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Utopian Values ESRC Seminar - Nottingham 23 rd February 2008

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Utopia from the Bottom Up? DIY eco-settlements and UK land-use planning, 1996-2008 Mike Hannis [email protected] Utopian Values ESRC Seminar - Nottingham 23 rd February 2008. John Prescott 1999: Kings Hill decision ( European Convention on Human Rights) ‏.

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john prescott 1999 kings hill decision european convention on human rights
John Prescott 1999: Kings Hill decision(European Convention on Human Rights)‏
  • This way of life has been carefully considered in the terms of Article 9 protecting the right to freedom of thought, conscience and religion. However, it is concluded that, while the appellants’ desire to live in their chosen fashion is strongly held, it does not, as such, represent a thought or matter of conscience akin to a religious belief that would be afforded protection under this Article.
  • On the question of the effect on Article 8 rights to respect for private and family life and the home, the Secretary of State agrees ... that dismissal of the appeals would represent serious interference with those rights.
  • the Secretary of State concludes that the interference with the appellants’ human rights under Article 8 arising from a refusal ... coupled with the lack of significant harm to issues of public interest ... arising from the development, constitute material considerations sufficient, in the exceptional circumstances of this appeal, to justify determining the appeal otherwise than in accordance with the provisions of the development plan. Planning permission will therefore be granted.
john selwyn gummer tinker s bubble decision 1996 later appealed

Any benefit...to the rural economy would be negligible, since minimal agricultural and other produce would be available for wider consumption.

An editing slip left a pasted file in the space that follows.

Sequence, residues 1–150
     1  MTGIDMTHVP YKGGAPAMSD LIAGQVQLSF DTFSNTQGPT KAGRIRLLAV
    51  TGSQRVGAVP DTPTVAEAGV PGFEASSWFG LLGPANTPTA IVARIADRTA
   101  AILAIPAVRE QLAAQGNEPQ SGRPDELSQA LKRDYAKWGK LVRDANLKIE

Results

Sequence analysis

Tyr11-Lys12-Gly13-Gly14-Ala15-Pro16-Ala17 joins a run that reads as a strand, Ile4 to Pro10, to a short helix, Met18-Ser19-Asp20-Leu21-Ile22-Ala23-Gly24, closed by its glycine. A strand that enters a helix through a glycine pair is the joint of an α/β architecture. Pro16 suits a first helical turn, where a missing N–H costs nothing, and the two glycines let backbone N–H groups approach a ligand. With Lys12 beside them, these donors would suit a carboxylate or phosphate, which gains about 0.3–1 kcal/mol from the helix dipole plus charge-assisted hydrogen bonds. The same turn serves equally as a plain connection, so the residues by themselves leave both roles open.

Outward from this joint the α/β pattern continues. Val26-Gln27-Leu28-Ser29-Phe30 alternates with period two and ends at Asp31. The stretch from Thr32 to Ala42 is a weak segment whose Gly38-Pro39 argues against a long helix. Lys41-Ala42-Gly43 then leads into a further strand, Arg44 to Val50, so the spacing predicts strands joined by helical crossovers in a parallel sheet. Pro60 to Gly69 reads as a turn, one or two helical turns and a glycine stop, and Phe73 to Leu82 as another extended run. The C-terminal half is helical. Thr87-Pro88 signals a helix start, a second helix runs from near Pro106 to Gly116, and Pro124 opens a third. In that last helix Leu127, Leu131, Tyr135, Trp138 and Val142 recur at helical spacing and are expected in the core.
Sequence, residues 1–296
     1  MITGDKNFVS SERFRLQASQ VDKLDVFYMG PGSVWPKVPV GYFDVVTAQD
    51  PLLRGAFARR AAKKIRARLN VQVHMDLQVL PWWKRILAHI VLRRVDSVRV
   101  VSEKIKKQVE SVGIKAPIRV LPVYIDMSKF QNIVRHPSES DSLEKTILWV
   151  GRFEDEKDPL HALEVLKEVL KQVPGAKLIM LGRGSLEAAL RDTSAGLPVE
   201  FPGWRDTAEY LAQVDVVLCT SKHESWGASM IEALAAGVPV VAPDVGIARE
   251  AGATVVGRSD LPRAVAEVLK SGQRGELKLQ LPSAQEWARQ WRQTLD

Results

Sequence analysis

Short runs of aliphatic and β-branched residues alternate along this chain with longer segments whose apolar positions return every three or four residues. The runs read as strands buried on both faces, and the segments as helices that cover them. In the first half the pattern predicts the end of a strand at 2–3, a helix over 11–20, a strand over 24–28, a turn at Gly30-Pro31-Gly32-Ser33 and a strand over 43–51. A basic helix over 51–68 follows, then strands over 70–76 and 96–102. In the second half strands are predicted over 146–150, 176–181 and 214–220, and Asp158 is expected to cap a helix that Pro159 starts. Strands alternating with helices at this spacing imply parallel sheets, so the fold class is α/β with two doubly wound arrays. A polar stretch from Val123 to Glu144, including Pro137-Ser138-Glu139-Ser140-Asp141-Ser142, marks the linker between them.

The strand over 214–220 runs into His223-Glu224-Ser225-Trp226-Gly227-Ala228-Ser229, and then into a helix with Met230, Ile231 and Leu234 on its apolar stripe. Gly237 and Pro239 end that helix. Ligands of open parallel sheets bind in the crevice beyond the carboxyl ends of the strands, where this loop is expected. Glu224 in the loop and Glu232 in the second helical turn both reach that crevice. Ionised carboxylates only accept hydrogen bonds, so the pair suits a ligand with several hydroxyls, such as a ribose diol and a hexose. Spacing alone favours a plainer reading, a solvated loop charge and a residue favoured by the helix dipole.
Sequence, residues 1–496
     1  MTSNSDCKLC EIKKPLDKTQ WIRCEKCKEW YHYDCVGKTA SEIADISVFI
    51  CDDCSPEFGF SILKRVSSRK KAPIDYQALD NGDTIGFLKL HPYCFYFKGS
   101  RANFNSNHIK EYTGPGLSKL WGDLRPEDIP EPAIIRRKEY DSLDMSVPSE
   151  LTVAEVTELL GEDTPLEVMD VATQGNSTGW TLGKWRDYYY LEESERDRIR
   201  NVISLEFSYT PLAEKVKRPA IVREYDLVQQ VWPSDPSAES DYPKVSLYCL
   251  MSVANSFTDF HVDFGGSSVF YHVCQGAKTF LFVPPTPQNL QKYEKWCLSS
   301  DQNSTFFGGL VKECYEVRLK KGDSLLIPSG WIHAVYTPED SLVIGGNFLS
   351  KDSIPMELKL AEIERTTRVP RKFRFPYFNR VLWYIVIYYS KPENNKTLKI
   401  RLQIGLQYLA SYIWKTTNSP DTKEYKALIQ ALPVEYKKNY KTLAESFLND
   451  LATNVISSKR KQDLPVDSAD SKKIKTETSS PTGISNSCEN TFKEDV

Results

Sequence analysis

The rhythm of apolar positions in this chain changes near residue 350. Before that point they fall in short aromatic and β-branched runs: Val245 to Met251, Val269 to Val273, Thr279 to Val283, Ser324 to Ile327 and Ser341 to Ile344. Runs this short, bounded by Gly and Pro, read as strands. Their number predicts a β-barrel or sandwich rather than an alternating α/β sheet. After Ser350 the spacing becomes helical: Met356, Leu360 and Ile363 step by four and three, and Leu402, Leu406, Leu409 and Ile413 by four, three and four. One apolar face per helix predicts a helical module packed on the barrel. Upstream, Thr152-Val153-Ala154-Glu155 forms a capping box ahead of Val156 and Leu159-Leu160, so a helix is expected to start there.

As to the issue of sustainable development, the view is taken that the provision of groups of tents or similar residential accommodation in the open countryside merely to provide a subsistence living for the occupants, is not a practical pattern of long term land-use. Insofar as the appeal development may be sustainable, it could only be so for the occupants and not in any wider sense.

The issue therefore has negligible weight in the determination of these appeals.

John Selwyn Gummer Tinker\'s Bubble Decision 1996(Later appealed)‏
pps 7 2004 agricultural and forestry dwellings

One of the few circumstances in which isolated residential development may be justified is when accommodation is required to enable agricultural, forestry and certain other full-time workers to live at, or in the immediate vicinity of, their place of work. It will often be as convenient and more sustainable for such workers to live in nearby towns or villages, or suitable existing dwellings, so avoiding new and potentially intrusive development in the countryside. However, there will be some cases where the nature and demands of the work concerned make it essential for one or more people engaged in the enterprise to live at, or very close to, the site of their work. Whether this is essential in any particular case will depend on the needs of the enterprise concerned and not on the personal preferences or circumstances of any of the individuals involved.